Prior to transfer of command and delivery of vessels, certain action was outlined. In these instructions each commander was to obliterate the ship's name from the hull by the removal of the letters and, also, the ship's name and service designation on all equipment, carefully repainting over surfaces after such removal. Records of public property and all other ship's records were to be complete as of delivery date. Quintuplicate priced invoices were to be prepared on all equipment; stores, including commissary stores and supplies, including ammunition, to be transferred with the vessel. After the arrival of each vessel in New York, the personnel was to be reduced to the minimum required under prevailing conditions, with surplus personnel to be transferred as directed by the Commander of the New York District. The commander of each vessel, however, was required to furnish competent details of men for the instruction and indoctrination of the British personnel relieving them. Personnel records, pay accounts and muster rolls were to be brought up to date and, together with publications and equipment, transferred as subsequently directed. Each vessel was to be fueled to capacity, with an adequate supply of lubricants taken on board, and fresh water tanks filled to capacity. All ship's accounts, including allotments, mess accounts, clothing and ship's service store were to be closed out.
During the period of transfer, the crews were to be mixed--Coast Guard and British, but all Coast Guard personnel were to be removed from the cutters prior to their final departure from a United States port. The Commander of the New York District was to designate in advance a date of transfer agreeable to the relieving British commanding officer. On that date the vessel and her equipment were to be delivered to the new British commanding officer, he was to be supplied with the priced invoices of equipment, stores and supplies to be transferred with the vessel, and his receipt obtained. All keys, including magazine keys, were to be turned over and receipted for. There would follow the transfer of all Coast Guard personnel, except the special details required for instruction or indoctrination, such personnel to remain on board while in a United States port only as observers and without responsibility. A roster of such observers was to be submitted by each commanding officer to the Commander of the New York District. Each commanding officer was to report to the New York District Commander the time and date the transfer was affected, together with a statement that all instructions had been complied with. He was also to submit copies of all receipted invoices in triplicate for transmission to Headquarters.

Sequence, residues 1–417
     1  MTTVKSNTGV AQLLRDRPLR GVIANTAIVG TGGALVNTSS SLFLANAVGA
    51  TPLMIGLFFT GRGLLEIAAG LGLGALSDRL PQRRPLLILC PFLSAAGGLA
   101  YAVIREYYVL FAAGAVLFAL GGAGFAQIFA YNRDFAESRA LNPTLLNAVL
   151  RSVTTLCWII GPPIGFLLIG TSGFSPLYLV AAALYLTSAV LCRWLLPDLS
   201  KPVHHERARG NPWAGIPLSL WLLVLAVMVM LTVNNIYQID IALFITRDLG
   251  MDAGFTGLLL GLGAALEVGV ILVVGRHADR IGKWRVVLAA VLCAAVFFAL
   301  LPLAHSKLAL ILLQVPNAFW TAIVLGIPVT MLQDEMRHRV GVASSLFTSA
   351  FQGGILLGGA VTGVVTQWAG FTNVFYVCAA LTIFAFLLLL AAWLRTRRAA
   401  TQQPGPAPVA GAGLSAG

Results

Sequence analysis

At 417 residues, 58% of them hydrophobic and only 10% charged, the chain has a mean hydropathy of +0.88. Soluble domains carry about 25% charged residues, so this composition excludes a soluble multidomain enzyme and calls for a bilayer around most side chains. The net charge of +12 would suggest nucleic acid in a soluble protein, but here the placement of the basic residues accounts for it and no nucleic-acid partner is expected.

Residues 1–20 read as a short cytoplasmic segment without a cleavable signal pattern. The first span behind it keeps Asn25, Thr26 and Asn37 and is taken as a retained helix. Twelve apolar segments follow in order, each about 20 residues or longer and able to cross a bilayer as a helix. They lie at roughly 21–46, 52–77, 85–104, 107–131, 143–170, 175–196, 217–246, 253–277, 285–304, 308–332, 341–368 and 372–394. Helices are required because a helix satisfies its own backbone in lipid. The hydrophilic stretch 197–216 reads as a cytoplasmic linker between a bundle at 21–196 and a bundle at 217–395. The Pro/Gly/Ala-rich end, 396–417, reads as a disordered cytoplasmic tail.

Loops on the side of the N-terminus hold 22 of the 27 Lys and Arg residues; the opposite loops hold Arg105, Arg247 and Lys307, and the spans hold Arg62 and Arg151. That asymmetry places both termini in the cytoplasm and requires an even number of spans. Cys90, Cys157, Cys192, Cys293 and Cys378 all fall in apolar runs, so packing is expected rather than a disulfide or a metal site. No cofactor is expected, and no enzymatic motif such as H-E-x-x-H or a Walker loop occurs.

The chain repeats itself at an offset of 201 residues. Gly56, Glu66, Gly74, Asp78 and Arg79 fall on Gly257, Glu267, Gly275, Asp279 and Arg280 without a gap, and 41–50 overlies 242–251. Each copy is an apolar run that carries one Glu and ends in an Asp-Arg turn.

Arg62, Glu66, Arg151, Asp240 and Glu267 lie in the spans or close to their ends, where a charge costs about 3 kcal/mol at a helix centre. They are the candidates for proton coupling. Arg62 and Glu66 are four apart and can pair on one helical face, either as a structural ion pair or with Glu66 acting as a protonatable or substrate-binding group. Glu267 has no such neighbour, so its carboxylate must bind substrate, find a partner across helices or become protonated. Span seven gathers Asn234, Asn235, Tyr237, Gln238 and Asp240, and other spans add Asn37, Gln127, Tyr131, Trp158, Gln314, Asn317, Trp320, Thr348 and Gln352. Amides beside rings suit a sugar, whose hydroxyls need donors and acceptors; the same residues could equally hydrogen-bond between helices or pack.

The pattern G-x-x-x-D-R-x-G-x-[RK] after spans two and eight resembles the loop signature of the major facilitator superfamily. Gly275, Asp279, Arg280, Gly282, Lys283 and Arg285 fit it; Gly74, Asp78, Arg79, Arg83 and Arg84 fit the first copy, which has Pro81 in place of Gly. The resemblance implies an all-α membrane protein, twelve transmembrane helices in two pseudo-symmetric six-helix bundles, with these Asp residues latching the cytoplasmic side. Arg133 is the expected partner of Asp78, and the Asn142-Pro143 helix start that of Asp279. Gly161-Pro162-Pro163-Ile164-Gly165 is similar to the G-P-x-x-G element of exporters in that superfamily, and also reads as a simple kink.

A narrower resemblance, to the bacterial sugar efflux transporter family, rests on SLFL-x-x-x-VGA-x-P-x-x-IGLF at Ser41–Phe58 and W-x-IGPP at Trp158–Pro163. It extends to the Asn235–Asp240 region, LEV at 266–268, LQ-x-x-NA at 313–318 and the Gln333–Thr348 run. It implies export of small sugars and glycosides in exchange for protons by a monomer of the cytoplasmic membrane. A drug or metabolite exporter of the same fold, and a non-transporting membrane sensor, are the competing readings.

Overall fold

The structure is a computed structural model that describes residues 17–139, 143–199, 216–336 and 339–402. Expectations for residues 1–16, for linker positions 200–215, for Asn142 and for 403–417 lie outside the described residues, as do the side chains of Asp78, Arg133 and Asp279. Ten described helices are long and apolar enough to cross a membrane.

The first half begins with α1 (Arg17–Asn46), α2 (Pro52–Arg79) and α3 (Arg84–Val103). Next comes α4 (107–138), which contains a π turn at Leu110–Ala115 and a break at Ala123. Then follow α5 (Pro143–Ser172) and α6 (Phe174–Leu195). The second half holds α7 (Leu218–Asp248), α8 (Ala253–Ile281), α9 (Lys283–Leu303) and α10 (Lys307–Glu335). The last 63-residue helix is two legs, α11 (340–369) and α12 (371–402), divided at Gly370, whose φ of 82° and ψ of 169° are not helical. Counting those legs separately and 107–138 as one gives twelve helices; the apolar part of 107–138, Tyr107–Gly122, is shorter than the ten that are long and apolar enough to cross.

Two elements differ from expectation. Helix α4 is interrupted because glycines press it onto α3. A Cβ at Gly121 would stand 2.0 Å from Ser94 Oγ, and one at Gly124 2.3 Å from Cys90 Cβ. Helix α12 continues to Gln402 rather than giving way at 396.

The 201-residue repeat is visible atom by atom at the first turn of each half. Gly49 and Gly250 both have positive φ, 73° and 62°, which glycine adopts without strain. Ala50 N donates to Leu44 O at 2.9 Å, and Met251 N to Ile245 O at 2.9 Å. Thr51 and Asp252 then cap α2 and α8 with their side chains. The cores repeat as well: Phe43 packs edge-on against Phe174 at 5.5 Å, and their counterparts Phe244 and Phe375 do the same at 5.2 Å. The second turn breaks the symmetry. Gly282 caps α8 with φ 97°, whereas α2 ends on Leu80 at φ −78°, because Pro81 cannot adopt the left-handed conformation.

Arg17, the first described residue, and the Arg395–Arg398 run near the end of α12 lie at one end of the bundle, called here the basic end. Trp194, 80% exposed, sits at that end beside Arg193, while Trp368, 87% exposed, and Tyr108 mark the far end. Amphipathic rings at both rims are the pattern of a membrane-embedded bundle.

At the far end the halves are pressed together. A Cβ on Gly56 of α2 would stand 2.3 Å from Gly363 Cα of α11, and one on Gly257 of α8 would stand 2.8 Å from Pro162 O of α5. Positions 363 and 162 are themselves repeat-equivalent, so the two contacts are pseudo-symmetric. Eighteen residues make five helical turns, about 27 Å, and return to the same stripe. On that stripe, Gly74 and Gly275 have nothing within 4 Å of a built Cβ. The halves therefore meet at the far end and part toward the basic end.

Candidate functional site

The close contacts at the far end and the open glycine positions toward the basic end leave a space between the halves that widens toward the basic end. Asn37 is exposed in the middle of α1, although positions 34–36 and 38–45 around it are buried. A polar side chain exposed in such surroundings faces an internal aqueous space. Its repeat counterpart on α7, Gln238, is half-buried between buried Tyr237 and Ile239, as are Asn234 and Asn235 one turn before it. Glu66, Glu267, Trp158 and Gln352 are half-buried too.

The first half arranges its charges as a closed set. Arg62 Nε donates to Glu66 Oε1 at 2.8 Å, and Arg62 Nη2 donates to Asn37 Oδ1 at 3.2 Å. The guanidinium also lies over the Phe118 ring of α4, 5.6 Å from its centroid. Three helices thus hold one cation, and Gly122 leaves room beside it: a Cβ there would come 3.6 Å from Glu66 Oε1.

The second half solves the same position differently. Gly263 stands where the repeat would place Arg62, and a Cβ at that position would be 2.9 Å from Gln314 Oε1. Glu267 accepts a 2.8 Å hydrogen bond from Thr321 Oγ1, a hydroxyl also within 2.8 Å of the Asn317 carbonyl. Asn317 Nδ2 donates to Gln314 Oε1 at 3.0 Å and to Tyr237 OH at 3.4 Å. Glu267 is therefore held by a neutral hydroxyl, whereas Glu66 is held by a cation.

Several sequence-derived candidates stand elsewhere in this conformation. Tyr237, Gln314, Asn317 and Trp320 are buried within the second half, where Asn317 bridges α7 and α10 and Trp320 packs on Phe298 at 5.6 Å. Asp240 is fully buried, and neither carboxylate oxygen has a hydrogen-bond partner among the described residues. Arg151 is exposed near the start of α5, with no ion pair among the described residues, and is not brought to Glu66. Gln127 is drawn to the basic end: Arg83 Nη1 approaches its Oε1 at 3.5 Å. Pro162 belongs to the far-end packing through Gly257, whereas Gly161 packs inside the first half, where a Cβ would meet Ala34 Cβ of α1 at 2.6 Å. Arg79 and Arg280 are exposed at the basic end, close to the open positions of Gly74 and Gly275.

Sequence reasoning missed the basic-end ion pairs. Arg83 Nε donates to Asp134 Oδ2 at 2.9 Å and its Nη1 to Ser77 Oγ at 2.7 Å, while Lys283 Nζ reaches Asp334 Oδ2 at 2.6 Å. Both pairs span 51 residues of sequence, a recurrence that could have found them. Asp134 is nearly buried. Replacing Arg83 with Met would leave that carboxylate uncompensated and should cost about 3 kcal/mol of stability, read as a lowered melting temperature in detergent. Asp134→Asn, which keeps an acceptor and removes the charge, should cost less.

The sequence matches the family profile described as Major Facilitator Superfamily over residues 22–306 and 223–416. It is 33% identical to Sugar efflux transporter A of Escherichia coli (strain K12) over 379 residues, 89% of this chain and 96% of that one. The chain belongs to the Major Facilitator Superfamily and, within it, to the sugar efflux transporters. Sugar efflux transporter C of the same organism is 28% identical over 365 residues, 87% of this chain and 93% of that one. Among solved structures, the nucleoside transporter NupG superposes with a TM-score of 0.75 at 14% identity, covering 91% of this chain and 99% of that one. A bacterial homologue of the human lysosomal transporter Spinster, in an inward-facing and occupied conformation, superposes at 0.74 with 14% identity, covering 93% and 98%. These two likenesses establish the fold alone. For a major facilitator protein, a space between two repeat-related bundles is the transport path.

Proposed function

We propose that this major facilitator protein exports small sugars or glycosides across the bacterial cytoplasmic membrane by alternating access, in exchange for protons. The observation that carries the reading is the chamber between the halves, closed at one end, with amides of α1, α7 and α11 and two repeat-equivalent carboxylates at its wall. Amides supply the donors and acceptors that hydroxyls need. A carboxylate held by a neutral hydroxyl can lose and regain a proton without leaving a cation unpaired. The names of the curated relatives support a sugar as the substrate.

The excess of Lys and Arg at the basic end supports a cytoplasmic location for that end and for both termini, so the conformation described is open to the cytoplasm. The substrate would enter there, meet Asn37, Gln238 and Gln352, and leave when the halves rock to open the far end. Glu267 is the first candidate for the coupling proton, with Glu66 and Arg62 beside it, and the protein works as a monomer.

Publications to be removed and forwarded to the issuing officer at Headquarters included Coast Guard Regulations with changes and circular letters, Pay and Supply Instructions with amendments, Courts and Boards, Ordnance, Manual of Engineering Instructions, Bulletin of Engineering Information, U.S. Navy (Restricted), and Communications and Uniform Regulations. The same treatment was to be accorded all ship's files and records, except those necessary for the operation of the ship by the new command, including all engineering log books subsequent to June, 1940; the engineering letter file except letter DG-RR; all secret, confidential and restricted letters, publications, charts and devices, registered or non-registered; and boat number plates. To be forwarded to the district to which the vessel was permanently attached were all records and files pertaining to allotment ledger and pay accounts, after closure, including rough rolls, file copies of vouchers, allotment ledgers, schedules, etc.